Everyone’s heard sportswriter Red Smith’s description of’ the writing process: “All you do,” he explained, “is sit down at a typewriter and open a vein.”
Smith was referring to the challenges every writer endures–obtaining original material with creative reporting, pinpointing an illustrative anecdote, polishing every sentence and baiting our readers with a compelling lead.
What Smith didn’t say is this: Rewriting stops the bleeding.
For most of my features, I spend 70%, of my time reporting, 10% writing and 20% rewriting. Many writers save little time for the last stage, the most pivotal part of the process. But first-rate reporting and thoughtful storytelling can fail if it’s full of inappropriate words, clunky phrases and loose sentences.
“I think revision is where a lot of wonderful surprises occur,” says Roy Peter Clark, senior scholar at the Poynter Institute. “It’s often not in drafting, but in revision, where exactly the right word comes to you. That word most likely will bring pleasure or surprise to the reader as well.”
As editor of Delaware Today, I often receive freelance stories that read like first drafts. They’re well-reported, but they often lack luster–a sign that the story hasn’t. evolved from the assignment to the deadline.
And as a writer, I have two goals during revision: tightening sentences and strengthening words. By doing that, I can accomplish the overall goal of article writing–to empower every word, sentence and paragraph so that it propels my reader to the next. I do that with this six-step revising process.
The First Draft
Any feature story stands on the merits of its reporting. Even the most eloquent writer can’t substitute brilliant language for a lack of vivid detail or poignant facts. Use the first draft to make decisions about your reporting and structure.
What facts, quotes, anecdotes and description will you use? With what will you lead the story? How will you structure it? What theme will direct the story? How many sections will you use? Where are your natural transitions? How will you end the article?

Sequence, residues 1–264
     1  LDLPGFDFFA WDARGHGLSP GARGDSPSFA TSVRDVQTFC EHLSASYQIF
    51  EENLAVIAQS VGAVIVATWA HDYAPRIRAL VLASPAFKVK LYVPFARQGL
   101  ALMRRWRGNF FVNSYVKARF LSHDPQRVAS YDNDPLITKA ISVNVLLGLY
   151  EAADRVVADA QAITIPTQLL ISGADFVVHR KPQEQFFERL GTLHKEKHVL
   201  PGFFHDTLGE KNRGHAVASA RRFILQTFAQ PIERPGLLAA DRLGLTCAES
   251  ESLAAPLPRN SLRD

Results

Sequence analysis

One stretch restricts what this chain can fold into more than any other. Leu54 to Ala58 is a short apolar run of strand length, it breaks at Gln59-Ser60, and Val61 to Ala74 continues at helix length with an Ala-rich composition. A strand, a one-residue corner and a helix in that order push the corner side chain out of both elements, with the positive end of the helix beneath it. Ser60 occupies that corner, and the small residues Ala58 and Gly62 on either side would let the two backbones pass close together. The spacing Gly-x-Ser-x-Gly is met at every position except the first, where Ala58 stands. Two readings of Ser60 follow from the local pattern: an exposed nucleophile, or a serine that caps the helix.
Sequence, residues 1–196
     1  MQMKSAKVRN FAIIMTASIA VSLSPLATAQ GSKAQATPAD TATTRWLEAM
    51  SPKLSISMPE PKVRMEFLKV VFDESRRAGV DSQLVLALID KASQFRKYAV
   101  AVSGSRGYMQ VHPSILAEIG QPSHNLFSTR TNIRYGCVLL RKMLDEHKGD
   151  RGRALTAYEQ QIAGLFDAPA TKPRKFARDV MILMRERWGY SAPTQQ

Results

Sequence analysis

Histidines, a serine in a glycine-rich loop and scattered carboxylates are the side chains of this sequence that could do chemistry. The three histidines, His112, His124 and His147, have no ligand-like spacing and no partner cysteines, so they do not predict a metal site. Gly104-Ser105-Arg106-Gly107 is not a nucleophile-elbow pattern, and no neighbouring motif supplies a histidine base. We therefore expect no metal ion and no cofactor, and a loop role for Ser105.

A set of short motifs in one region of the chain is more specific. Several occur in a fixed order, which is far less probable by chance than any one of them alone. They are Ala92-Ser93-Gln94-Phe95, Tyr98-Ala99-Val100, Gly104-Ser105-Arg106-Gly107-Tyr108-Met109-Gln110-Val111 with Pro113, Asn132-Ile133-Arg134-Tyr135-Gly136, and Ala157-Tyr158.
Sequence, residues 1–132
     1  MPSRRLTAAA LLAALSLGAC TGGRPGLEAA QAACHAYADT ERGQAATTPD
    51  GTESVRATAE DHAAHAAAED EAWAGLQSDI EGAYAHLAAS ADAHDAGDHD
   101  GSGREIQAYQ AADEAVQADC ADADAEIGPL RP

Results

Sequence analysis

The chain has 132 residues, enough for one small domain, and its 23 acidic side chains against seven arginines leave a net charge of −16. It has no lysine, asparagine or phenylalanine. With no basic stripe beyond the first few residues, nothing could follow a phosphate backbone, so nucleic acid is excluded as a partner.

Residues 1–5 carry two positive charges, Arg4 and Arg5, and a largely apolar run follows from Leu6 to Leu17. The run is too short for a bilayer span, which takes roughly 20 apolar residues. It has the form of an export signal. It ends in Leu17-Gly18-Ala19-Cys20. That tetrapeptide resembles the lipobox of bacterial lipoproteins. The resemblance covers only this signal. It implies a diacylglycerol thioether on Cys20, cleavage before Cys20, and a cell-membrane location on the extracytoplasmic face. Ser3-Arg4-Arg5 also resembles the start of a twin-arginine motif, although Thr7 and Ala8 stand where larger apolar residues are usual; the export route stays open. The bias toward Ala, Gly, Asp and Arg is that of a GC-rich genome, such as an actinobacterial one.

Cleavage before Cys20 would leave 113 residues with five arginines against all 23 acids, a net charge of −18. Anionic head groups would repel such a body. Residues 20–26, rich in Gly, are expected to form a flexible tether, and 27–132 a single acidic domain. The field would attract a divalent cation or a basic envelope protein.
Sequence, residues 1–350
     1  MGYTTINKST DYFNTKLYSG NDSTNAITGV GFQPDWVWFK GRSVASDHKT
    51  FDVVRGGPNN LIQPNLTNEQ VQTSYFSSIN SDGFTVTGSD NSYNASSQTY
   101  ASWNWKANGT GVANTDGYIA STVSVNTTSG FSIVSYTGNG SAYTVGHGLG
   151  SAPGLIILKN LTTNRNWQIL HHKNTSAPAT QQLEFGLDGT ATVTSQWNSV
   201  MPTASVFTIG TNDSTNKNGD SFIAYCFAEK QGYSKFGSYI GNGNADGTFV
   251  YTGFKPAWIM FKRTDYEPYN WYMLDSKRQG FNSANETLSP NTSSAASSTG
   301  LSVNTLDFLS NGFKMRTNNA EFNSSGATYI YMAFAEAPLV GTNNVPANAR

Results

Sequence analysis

Instead of trying to accomplish everything in one stage, save your thoughts and energy about the mechanics of your writing until the revision. For example, if you’re worried about how to transition into an upcoming section, you’re naturally going to ignore verb choice. And unless you make time in the rewrite, chances are that the poor word choice will remain ignored.
Clark suggests that writers be more efficient on the front end–reporting and drafting–to give themselves time for revising later.
For a behind-the-scenes story about a law firm, I spent about six weeks reporting–talking to dozens of people inside and outside the firm, watching lawyers in action, and transcribing notes.
Once I was satisfied with my reporting (are we ever?), I spent an afternoon highlighting my notes–what details I wanted to use, what quotes I could sacrifice. I also decided how to structure the feature.
One Sunday (no phone calls, disruptions, etc.), I cranked out 4,000 words in about 12 hours. The story was weak–not because of the information I used, but because of the dull language. But I accomplished my goal in the first draft: I created the story’s foundation. For the next four or five days, I revised. I toughened my verbs. I omitted the waste.
I stopped the bleeding.
The Relevancy Test
Once I complete the first draft, I check every piece of information for relevancy–not Just paragraphs or sections, but also prepositional phrases and words. Do I need this information? Does it relate to the theme? Most important, will readers care?
One of our staff writers wrote this paragraph in a feature about the Wilmington Blue Rocks, a minor league baseball team:
The skinny 10-year-old, wearing an orange-and-black
Frederick uniform, sits near the
home-plate end of the Rocks’ dugout. He
focuses on the batter, anticipating a foul ball or
stray bat. (33 words)
I would argue that most bat boys sit in the dugout. And readers don’t need to know at what end he’s sitting–home plate, first base, who cares? That information is irrelevant. So we rewrote the graf and saved 11 words.
The skinny 10-year-old, wearing an orange-and-black
Frederick uniform, focuses
on the batter, anticipating a foul
ball or stray bat. (22 words)
Of course, it’s much more difficult to cut your own work. Here’s a graf from a story I wrote about a flamboyant criminal defense lawyer in Delaware.
Hurley has more spots in one
tie rack than can be counted in
101 Dalmatians. His 22 polka
dot ties come from everywhere
from Marshall’s to Rome and
they represent colors from purple
to orange. (33 words)